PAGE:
Some parents justify their violent behavior by saying that it is just discipline, but true abuse can become extremely traumatic to children and stay with them for the rest of their lives.

If you or a loved one experienced trauma or abuse as a child, you can find hope and healing by talking with a child abuse psychotherapist in your area.

Reports of child abuse are handled by the Department of Social Services or Child Protective Services and may or may not become a part of the criminal justice system depending on the severity and frequency of the abuse occurrences.

Sometimes these agencies determine that it is best for the child to be separated from the parent or another adult figure who has perpetrated the abuse and put into group homes or foster care for a certain period of time or until their home situation has changed.

While the intention of foster care and group homes is to provide a safe place for healing and just living a normal life, that is not always the case and it is possible for further trauma to occur here.

Children who have suffered abuse might struggle to pinpoint the root of their childhood trauma because they might have suppressed their memories or they could have developed Post-Traumatic Stress Disorder (PTSD).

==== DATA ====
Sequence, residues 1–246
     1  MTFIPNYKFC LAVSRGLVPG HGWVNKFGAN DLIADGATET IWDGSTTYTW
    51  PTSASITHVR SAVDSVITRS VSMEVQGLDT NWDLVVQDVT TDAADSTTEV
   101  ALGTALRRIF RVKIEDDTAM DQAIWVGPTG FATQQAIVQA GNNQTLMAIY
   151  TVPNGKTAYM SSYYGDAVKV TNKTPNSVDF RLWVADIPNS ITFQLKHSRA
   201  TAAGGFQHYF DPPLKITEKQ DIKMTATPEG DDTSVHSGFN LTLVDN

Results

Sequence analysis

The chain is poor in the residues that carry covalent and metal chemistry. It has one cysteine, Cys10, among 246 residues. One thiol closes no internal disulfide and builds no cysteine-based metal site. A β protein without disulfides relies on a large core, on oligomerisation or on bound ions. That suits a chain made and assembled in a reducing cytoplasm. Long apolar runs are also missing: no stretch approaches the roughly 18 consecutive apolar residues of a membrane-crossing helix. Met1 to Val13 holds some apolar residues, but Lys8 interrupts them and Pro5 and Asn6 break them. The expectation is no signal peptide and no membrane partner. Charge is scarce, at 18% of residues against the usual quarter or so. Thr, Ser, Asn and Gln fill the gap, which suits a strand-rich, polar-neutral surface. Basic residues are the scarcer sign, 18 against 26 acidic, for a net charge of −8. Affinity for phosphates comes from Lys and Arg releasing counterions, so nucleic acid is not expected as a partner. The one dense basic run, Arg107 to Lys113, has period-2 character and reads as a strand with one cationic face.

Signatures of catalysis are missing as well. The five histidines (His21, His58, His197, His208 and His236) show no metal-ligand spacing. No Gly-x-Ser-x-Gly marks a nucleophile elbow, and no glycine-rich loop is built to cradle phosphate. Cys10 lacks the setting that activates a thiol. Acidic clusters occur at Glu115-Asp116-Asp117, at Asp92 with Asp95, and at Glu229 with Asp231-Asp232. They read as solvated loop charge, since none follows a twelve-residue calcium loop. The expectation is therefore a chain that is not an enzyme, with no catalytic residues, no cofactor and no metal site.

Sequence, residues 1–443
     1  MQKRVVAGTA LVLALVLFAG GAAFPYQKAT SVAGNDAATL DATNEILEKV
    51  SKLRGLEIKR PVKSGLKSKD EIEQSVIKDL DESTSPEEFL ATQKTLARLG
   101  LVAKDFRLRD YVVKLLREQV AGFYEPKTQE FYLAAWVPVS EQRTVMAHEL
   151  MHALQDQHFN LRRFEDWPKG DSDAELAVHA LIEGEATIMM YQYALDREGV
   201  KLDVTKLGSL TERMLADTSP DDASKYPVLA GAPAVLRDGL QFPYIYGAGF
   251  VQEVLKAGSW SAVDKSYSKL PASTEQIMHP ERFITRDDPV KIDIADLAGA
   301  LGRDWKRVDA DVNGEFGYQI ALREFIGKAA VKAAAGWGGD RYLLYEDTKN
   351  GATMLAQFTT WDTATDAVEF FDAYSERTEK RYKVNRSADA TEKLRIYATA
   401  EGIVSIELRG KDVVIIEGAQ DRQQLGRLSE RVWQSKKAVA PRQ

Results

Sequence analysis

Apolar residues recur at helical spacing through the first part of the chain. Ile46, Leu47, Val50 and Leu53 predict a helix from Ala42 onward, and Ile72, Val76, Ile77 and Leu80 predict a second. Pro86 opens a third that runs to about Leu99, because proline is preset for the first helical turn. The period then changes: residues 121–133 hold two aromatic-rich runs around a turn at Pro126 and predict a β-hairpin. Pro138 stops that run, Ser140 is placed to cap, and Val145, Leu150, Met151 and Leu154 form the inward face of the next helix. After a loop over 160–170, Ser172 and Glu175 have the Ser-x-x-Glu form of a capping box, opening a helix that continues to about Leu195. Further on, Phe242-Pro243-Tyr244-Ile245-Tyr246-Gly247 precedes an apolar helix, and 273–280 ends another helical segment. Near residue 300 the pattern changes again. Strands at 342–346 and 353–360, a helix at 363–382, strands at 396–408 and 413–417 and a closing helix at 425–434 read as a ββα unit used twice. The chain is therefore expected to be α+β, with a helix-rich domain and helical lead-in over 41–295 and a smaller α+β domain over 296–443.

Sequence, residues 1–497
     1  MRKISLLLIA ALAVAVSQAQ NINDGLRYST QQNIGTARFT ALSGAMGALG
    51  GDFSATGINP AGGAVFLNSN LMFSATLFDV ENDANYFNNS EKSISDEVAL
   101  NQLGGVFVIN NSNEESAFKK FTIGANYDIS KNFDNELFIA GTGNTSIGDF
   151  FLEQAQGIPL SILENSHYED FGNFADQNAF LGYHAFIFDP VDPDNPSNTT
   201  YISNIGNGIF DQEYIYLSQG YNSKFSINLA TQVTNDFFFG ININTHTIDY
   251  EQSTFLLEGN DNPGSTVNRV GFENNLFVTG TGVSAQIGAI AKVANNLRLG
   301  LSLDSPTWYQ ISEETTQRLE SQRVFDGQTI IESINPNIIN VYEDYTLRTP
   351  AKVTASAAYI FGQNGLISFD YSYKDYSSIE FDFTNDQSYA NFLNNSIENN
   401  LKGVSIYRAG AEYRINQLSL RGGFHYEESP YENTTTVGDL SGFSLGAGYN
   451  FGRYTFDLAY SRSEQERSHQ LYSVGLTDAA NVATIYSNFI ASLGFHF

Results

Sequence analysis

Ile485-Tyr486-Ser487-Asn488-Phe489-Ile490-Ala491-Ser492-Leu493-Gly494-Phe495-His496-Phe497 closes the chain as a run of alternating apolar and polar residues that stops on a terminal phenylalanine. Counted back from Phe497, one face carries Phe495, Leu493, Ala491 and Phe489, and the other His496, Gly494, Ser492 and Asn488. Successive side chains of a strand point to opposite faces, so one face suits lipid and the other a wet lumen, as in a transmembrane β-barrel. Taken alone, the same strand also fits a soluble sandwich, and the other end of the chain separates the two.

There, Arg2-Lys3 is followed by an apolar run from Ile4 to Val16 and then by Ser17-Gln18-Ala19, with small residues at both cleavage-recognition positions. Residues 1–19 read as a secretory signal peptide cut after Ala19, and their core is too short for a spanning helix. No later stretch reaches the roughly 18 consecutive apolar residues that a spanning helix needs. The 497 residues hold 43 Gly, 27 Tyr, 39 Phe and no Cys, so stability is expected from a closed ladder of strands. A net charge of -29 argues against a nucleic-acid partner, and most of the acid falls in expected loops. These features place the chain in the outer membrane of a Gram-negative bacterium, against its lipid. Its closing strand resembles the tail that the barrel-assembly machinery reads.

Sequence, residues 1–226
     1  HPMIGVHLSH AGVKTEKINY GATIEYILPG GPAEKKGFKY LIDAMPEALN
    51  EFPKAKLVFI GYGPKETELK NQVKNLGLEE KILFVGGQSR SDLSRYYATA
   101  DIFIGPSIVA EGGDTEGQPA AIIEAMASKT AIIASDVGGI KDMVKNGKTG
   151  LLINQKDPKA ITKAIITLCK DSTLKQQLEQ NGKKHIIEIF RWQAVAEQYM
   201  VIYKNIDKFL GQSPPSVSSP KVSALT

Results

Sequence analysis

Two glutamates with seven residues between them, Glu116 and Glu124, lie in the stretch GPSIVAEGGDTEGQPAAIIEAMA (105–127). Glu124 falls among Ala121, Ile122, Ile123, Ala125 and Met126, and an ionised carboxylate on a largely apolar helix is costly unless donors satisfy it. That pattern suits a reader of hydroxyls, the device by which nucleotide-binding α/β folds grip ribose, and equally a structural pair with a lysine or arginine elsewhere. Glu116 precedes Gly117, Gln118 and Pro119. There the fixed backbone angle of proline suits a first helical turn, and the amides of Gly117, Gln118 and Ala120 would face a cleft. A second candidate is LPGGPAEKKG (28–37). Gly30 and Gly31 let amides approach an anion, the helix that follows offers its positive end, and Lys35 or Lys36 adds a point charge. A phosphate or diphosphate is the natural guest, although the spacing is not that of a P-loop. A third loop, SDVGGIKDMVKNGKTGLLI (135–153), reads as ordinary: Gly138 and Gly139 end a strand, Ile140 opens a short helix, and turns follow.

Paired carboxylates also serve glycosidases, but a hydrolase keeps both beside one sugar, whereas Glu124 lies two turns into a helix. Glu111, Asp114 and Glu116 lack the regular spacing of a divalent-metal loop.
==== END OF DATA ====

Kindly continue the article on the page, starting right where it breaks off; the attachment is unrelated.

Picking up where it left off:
The effects of PTSD can follow children into adulthood, but talking with a licensed therapist specializing in childhood trauma and PTSD can provide a path to healing. Some of the factors that contribute to PTSD are:

  • Degree of perceived personal threat
  • The developmental state of the child (younger children cannot understand and interpret the effects of the traumatic situation as easily as older children)
  • The relationship of the victim to the perpetrator
  • The level of emotional support the victim has in his day-to-day life
  • A feeling of responsibility for the attack is thought to exacerbate the changes of PTSD
  • The innate ability to cope
  • An elevated heart rate post abuse increases the likelihood that the victim will suffer from PTSD

Reaching out to a therapist for childhood abuse and PTSD counseling will help to reduce the effects of trauma and help the child or adult suffering to return to normal life.

There is hope and healing is possible, no matter how deep the wounds. There are people like Dr. Lynn Winsten in Berkeley who you can trust with your story.